Washington – November 28, 2009 (Farid Ghadry Blog) – The much appreciated Financial Times of London has just published a story talking about Syrian cuisine.
Of course, in our opinion, nothing equals the sight of a Syrian cook with his/her hands handcrafting perfect Kebbeh Erass or cooking with Samné Hamawieh the many recipes Damascene, Aleppian, and many mothers and fathers across Syria perfected over generations.
But, let’s approach this story with some realism.
Syria has been on a decline when it comes to important global indexes, one of which hits home in regard to the Financial Times’ mission as a newspaper: Transparency.
In Transparency International Index of Corruption, Syria is listed at the bottom with a ranking of 126. One would imagine, if FT has to write a story about Syria, that would be of direct interest to its international savvy readership, it would write about corruption and how it is affecting the investment environment.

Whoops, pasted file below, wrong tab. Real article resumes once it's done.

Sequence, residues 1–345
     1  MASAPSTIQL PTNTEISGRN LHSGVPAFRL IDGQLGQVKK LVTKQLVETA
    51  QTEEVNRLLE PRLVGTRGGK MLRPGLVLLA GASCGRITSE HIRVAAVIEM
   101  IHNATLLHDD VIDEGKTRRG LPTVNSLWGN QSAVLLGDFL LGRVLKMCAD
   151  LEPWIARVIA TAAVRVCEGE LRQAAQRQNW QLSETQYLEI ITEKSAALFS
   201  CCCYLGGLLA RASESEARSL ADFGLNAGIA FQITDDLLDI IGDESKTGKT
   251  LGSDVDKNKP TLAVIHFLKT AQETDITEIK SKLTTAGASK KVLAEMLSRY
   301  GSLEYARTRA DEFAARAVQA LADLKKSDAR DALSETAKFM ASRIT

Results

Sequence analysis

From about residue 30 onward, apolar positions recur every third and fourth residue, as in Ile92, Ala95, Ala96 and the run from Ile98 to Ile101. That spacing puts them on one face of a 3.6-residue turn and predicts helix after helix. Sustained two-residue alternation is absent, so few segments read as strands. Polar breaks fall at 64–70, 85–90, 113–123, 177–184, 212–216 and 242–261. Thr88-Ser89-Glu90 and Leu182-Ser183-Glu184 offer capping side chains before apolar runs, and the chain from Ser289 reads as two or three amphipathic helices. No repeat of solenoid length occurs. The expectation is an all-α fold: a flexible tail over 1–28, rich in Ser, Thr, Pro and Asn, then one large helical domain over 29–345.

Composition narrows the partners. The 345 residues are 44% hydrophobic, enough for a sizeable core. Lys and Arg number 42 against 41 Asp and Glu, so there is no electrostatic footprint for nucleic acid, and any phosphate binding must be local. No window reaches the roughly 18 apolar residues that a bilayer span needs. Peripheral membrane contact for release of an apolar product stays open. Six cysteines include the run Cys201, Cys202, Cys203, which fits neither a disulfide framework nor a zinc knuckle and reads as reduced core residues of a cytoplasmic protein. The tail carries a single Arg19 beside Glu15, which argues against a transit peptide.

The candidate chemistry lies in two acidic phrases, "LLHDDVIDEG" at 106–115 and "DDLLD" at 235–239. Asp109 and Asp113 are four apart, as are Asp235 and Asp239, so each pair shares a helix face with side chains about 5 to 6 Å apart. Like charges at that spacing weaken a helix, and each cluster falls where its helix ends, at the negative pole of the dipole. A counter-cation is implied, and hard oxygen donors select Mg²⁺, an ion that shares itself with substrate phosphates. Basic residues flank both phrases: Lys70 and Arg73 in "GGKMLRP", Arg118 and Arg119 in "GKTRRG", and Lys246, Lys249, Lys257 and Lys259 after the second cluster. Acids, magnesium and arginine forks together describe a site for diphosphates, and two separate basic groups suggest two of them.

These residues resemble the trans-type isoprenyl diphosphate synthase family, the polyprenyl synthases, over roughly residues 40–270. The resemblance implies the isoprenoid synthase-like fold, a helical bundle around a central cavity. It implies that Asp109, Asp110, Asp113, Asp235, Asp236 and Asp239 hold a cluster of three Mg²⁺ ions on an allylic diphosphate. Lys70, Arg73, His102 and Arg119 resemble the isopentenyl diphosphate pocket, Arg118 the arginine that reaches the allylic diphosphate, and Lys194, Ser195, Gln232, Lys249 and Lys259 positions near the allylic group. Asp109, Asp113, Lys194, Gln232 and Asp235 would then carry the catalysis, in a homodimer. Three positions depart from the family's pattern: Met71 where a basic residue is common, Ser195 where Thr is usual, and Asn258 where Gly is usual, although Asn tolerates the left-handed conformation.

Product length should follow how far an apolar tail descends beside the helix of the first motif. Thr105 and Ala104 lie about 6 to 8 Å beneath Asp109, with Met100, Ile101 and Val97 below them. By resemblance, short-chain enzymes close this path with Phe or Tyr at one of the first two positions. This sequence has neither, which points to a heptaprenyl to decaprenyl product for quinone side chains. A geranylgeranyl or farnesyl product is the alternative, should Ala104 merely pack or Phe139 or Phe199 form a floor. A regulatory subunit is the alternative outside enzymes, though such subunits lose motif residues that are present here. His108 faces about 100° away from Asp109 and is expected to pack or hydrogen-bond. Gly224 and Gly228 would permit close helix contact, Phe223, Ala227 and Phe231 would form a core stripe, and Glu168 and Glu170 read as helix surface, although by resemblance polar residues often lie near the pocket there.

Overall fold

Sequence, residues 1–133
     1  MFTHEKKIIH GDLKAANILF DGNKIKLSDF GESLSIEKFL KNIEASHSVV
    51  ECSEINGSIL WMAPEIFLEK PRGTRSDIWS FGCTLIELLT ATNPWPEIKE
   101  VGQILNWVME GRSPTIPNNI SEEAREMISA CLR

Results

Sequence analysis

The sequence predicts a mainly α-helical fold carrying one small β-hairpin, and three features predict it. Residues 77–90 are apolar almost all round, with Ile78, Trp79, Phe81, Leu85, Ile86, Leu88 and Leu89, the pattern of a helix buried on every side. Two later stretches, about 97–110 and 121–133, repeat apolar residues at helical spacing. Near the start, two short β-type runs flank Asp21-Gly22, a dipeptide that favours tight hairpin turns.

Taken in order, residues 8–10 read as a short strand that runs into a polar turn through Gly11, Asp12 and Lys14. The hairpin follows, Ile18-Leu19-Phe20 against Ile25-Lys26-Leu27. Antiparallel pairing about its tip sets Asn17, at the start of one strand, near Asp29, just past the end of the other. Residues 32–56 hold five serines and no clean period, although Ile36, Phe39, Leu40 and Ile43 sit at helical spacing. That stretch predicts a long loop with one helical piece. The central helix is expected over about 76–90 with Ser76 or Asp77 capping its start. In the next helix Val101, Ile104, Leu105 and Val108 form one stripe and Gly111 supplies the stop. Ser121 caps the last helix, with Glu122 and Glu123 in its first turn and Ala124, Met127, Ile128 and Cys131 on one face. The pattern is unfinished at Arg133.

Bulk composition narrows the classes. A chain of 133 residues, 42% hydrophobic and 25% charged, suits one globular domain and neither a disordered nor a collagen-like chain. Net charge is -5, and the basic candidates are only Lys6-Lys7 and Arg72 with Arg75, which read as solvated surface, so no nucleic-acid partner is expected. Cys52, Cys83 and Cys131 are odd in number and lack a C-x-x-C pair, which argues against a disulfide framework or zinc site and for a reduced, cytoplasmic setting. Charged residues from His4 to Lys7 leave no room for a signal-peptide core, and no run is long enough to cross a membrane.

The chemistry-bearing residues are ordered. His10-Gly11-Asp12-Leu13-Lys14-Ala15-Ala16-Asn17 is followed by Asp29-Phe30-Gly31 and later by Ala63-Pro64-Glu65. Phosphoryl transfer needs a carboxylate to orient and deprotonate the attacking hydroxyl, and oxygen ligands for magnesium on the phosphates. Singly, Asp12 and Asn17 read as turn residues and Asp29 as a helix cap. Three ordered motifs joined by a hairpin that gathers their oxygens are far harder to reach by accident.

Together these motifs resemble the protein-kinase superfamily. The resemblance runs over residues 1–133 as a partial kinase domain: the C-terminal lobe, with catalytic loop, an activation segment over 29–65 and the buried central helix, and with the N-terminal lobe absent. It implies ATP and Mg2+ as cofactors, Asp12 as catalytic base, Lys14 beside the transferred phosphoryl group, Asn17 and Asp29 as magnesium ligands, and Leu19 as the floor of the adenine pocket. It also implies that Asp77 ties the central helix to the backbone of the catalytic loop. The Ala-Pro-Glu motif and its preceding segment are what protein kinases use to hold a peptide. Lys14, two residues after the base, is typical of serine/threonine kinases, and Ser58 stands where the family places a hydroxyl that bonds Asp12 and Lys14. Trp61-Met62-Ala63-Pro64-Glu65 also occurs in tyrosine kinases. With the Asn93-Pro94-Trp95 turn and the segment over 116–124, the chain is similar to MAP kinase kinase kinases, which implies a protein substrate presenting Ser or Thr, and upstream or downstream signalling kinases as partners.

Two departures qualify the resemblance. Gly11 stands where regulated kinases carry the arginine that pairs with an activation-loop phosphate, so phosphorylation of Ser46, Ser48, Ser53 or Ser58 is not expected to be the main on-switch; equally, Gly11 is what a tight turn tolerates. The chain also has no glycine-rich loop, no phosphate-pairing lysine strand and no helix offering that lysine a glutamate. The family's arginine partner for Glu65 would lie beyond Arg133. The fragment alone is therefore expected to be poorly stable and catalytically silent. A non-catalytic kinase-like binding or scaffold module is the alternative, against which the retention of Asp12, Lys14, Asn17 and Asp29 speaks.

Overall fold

Or maybe a story about how easy it is to bribe judges in Syria all too willing, under the Assad regime, to twist the laws to meet the needs of certain people willing to acquire their services.
In fact, a quick search of FT’s website indicate that no story has ever been written about corruption in Syria. Or a story shedding a bright light on our judicial system under the Assad regime. Or a story about our lax governance laws. That’s the job of Roula Khalaf.
On FT’s own website, the newspaper describes itself as follows: “The Financial Times, one of the world’s leading business news organisations, is recognised internationally for its authority, integrity and accuracy.” Even if it does not say relevance, we hope its editors are responsible enough to serve their readers well by writing a story about our incompetent government before writing a story about our cuisine.
We also hope if they want to write a story about Iran, its title is not: Silos of Iranian pistachios.